Imagine this scenario as if you were a student:
Documents that are over two hundred years old are sitting in front of you. Great. More fancy “old English” words that you just don’t understand. From what you can gather, the person that wrote it isn’t like you at all. Your teacher says that you need to summarize the document by the end of class but don’t even know where to begin nor do you have any motivation to do so.
Now, imagine this:
A journal or poem from a soldier and war statistics are laying on your desk. Once again, your teacher asks you to summarize the documents. You perk up a little, just enough to complete the summary and get on your way to your next class.
And now, this:
You are watching a movie. Forrest Gump. Ferris Bueller’s Day Off. The Shawshank Redemption. Or binge watching The Wonder Years. You can’t turn it off. You want to see what happens to the struggling man from Alabama, or the high school troublemaker, or the criminal Ellis Boyd “Red” Redding, or even the young boy, Kevin Arnold. You are hooked by the story of somebody that is completely unlike yourself. You can see qualities in people with whom you thought you had very few similarities, if any.
Finding Personal Connections
What’s the difference? Visuals? Maybe. A catchy theme song? Okay, maybe. A great soundtrack? Alright, that makes sense, too. But the biggest thing? A personal connection to the story. You can see yourself as that person. You are rooting for them. You can insert yourself into their experience.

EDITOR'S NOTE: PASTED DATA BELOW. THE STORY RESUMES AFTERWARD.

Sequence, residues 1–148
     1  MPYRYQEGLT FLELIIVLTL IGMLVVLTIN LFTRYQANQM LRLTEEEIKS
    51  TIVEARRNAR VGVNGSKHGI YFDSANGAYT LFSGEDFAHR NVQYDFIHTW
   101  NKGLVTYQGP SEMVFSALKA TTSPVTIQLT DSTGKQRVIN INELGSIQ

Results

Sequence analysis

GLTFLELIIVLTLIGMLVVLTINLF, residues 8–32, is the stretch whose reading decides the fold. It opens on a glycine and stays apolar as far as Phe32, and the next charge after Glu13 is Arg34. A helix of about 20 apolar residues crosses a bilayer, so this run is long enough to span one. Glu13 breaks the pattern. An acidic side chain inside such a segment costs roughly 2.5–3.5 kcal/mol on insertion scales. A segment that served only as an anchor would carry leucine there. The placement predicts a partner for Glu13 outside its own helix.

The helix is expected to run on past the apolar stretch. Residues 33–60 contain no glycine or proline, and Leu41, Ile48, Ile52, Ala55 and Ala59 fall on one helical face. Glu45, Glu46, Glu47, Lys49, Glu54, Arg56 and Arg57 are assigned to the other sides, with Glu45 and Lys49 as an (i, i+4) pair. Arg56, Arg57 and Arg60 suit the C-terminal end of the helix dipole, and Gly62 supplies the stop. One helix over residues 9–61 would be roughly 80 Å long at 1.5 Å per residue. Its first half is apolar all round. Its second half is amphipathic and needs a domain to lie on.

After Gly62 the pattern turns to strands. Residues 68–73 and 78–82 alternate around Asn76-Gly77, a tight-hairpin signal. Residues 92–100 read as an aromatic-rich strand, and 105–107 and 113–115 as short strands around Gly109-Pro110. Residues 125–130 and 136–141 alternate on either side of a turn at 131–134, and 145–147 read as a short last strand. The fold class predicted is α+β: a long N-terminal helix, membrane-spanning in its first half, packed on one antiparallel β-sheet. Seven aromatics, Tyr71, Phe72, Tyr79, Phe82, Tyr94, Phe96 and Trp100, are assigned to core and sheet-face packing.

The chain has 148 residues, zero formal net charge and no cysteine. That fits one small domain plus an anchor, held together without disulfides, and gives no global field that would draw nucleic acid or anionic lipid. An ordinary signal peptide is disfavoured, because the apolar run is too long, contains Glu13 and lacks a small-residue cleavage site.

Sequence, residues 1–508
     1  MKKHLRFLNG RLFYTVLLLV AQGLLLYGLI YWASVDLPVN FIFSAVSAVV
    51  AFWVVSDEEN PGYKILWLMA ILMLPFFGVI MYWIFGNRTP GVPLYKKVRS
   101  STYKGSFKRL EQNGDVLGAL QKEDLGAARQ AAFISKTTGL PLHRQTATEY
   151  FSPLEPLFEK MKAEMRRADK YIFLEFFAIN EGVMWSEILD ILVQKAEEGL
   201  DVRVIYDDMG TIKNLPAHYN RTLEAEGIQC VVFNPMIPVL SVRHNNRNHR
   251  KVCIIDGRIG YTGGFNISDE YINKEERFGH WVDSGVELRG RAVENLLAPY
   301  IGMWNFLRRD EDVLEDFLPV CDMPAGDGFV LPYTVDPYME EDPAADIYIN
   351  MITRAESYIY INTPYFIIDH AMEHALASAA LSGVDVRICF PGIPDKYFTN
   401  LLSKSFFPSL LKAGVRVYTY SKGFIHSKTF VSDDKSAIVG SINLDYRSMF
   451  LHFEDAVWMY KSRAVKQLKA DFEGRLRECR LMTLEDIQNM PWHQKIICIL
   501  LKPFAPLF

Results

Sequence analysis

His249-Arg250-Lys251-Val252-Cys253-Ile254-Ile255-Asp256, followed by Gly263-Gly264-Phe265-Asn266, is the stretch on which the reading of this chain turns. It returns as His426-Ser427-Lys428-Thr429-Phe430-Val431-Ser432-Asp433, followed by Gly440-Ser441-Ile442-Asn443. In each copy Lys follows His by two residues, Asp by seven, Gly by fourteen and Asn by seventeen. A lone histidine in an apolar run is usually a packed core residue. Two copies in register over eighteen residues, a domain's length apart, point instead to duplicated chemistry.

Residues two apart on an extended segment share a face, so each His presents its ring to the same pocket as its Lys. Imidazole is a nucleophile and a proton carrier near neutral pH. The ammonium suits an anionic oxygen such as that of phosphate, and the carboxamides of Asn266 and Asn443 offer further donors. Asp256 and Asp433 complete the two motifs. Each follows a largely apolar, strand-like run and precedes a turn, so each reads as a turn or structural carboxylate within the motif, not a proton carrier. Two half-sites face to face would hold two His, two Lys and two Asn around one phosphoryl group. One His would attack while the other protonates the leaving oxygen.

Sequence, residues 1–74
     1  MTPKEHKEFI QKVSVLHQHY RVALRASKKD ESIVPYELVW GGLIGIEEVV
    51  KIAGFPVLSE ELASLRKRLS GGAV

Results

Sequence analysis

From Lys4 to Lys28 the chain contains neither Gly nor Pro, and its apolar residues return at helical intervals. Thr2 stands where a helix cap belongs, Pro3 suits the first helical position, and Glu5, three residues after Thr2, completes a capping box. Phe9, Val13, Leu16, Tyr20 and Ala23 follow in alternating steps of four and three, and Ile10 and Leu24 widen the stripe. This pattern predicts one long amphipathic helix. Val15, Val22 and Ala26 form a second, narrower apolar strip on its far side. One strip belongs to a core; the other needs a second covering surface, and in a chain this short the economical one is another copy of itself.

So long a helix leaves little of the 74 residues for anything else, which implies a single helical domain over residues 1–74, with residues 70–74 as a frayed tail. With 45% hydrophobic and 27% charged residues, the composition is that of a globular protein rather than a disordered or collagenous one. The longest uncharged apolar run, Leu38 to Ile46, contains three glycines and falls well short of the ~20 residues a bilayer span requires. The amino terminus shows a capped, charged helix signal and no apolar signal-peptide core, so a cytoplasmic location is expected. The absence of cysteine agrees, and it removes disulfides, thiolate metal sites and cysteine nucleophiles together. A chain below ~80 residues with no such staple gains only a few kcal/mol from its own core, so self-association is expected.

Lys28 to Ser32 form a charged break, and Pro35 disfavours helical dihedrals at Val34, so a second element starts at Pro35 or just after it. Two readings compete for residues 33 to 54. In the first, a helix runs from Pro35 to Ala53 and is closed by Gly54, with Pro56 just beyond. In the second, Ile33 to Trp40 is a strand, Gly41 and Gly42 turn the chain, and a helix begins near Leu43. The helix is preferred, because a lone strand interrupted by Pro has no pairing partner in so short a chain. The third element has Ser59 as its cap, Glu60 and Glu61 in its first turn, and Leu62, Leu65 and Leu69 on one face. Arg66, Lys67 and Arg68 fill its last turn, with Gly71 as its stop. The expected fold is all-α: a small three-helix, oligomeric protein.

Hollywood does a fantastic job of doing this for us when we lose ourselves in a character. Lin Manuel Miranda did it when he turned his reading of Ron Chernow’s Alexander Hamilton (available on PBS LearningMedia) into a personalized, energetic reading, hip-hop/rap song and hit Broadway musical.
But, how do we do this for our students?
I hope that you’ll join me on March 22nd as I share how I have done this in my classroom. By employing quality (and free!) primary resources, my students are able to interpret and think critically about a story through their own lens using a simple, yet effective technique: stop motion animation. (Think Rudolph!)
As Lin Manuel Miranda brought American History and hip-hop together, you and your students can bring together two things that may not immediately “jive” together in your mind: Primary Sources and Stop Motion. In doing so, you will see a level of personal connection, creativity, and interest that you may not have experienced in your social studies, ELA, elementary, and/or library classes, as students latch on to tell a story through their own eyes. What’s even neater is that students will start to express stories while displaying their own interests, just as my students did, while answering the larger question of, “Why did Jamestown struggle to survive?"
Disney? No. Pixar? Not quite. Authentic learning for a real audience? Absolutely. Join me on March 22 for basic tips and techniques, so you can get started interpreting primary sources with digital storytelling tools such as stop motion on multiple platforms.
Looking for more information on how to incorporate digital storytelling and stop motion animation into your classroom? View Joe Welch's webinar (recorded on March 22, 2017) here.
Joe Welch, as National Board Certified Teacher, is in his 10th year of teaching 8th Grade American History at North Hills Middle School in Pittsburgh, Pennsylvania. Named as an Apple Distinguished Educator in 2015 and 2016 Lead PBS Digital Innovator, Joe also serves as a instructional technology trainer for his district. He has presented across the region and nationally on topics including developing multi-touch digital books for students, integrating primary sources at the secondary level, formative assessment and engagement tools, and digital storytelling. He can be found on Twitter @nhsdwelch.